It’s never nice to be criticised. However, sometimes it’s a necessary part of our growth and development. As you become an adult you learn to deal with a certain amount of criticism but this tends to be only accepted from people who can give this in a certain way. Even as adults, it’s easy to take offence and fly off the handle or to wallow in self-pity once the criticism is dished out. This is where the 7 pillars of mindfulness really come in handy!
People when giving out criticism are either diplomatic, ham-fisted, rude or overly kind. It’s easy to take criticism as constructive if it’s from the diplomatic person as they know exactly how to word it to make you feel at ease and help you to see that there is no such thing as failure, only feedback. If it’s from someone who’s generally ham-fisted (or rather foot-in-mouth) or rude then it’s really, really difficult to sort through the information and figure out if there is anything to take away from it. It’s equally difficult from someone who is overly-kind as you may have a tendency to miss the point entirely.
Using the 7 pillars of mindfulness you can deal effectively with any criticism thrown at you, in a logical, calm, responsive (but not reactive) way which promotes self-growth and emotional resilience. Here’s my step-by-step guide!
- Listen with patience. Don’t listen to answer, or listen to defend yourself. Listen to take in all the information being given to you.
- Breathe through the feelings of defensiveness. You may feel it rising somewhere in your body. It may make you feel upset or angry. Breathe slowly, calmly and rhythmically. This will prevent your brain from flooding your body with cortisol, adrenaline and norepinephrine, giving you time and space to take in what is being said. Let go of the anger with every out breath.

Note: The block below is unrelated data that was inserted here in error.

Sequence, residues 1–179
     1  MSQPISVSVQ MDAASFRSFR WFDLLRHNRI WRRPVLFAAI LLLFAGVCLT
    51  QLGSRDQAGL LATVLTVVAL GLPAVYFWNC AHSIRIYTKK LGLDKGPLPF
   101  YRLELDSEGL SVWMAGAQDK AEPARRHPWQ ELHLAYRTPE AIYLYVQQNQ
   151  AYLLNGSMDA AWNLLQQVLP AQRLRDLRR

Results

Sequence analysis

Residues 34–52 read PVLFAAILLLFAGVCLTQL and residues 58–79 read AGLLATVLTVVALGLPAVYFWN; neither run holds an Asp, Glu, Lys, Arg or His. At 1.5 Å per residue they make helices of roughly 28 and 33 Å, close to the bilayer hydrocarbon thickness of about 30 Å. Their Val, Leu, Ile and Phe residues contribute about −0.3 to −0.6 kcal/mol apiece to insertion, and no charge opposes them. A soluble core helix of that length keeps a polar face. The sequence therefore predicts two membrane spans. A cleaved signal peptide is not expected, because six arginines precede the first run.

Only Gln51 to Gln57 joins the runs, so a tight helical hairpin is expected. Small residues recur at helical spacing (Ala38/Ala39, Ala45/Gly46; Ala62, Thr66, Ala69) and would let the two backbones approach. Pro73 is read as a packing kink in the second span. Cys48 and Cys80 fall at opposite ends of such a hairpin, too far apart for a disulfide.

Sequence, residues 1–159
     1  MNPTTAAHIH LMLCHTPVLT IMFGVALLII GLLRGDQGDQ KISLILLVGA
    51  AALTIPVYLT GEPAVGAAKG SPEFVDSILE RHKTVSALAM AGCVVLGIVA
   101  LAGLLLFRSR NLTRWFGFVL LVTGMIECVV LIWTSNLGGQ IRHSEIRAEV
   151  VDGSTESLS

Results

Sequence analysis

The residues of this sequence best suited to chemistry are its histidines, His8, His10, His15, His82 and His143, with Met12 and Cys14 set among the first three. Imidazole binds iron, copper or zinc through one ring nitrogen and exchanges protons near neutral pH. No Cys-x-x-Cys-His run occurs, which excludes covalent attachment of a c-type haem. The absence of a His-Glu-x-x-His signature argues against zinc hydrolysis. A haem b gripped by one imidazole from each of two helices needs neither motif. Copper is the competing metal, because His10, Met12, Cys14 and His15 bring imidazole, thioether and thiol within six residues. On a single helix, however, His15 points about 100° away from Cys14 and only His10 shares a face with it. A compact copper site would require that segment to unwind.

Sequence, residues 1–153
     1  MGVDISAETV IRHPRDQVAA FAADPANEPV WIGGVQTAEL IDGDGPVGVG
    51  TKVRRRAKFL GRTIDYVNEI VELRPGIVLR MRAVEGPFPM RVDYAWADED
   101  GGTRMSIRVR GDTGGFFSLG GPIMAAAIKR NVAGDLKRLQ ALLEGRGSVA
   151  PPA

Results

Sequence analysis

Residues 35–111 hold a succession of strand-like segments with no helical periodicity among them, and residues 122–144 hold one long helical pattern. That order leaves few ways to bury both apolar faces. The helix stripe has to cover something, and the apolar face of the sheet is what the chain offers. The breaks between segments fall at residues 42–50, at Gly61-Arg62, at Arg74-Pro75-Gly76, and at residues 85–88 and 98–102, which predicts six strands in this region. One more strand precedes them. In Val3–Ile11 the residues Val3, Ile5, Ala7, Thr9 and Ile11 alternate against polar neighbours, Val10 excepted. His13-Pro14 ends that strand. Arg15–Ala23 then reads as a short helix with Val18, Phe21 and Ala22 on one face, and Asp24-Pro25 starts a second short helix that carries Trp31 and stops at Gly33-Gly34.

- Don’t react. When the criticism has finished, assess whether the person is generally (if you know them well enough) diplomatic or rude. Accept that they may just lack the tools to be diplomatic.
- Use your beginner’s mind attitude and say; “I will have a good think about everything you’ve said and see where changes can be made” if it is appropriate to do so. You shouldn’t expect to know everything, or you will never be open to learning more.
- Go away and think about the key points, honestly. This really is the hardest part, since no one likes to be wrong. Our egos have a strong hold over us and they stand firm under criticism but unfortunately, this does hinder self-development. Make a list of the points raised and trust your instinct that you know the difference between a malicious attack on you and a true statement of where you can make improvements.
- Go easy on yourself. Remain non-judgemental, even if you’ve made mistakes. We can be our own harshest critic but we still need to remain kind enough to ourselves in order to get things done and walk that fine line between geeing ourselves on but not knocking ourselves back.
- Finally, Non-striving. Don’t strive to impress that one person who has criticised you. Don’t work to ‘prove them wrong’. Any changes you make should be solely on a “I know better so I will do better basis”
Despite practising all this mindfulness, criticism is still a hard pill to swallow sometimes and that’s ok. Thanks, Word Porn for another great quote!
See Acceptance again. Accept that you are feeling this and then Let it go. It’s not easy, it takes practice but there again, that is why Mindfulness is called a practice! So chin up chickens, take something away from each criticism (even if it is just to learn to ignore a particularly nasty or toxic person in your life) and become a better version of you!
If you wish to sharpen your mindfulness skills or start as a beginner, join my online mindfulness course: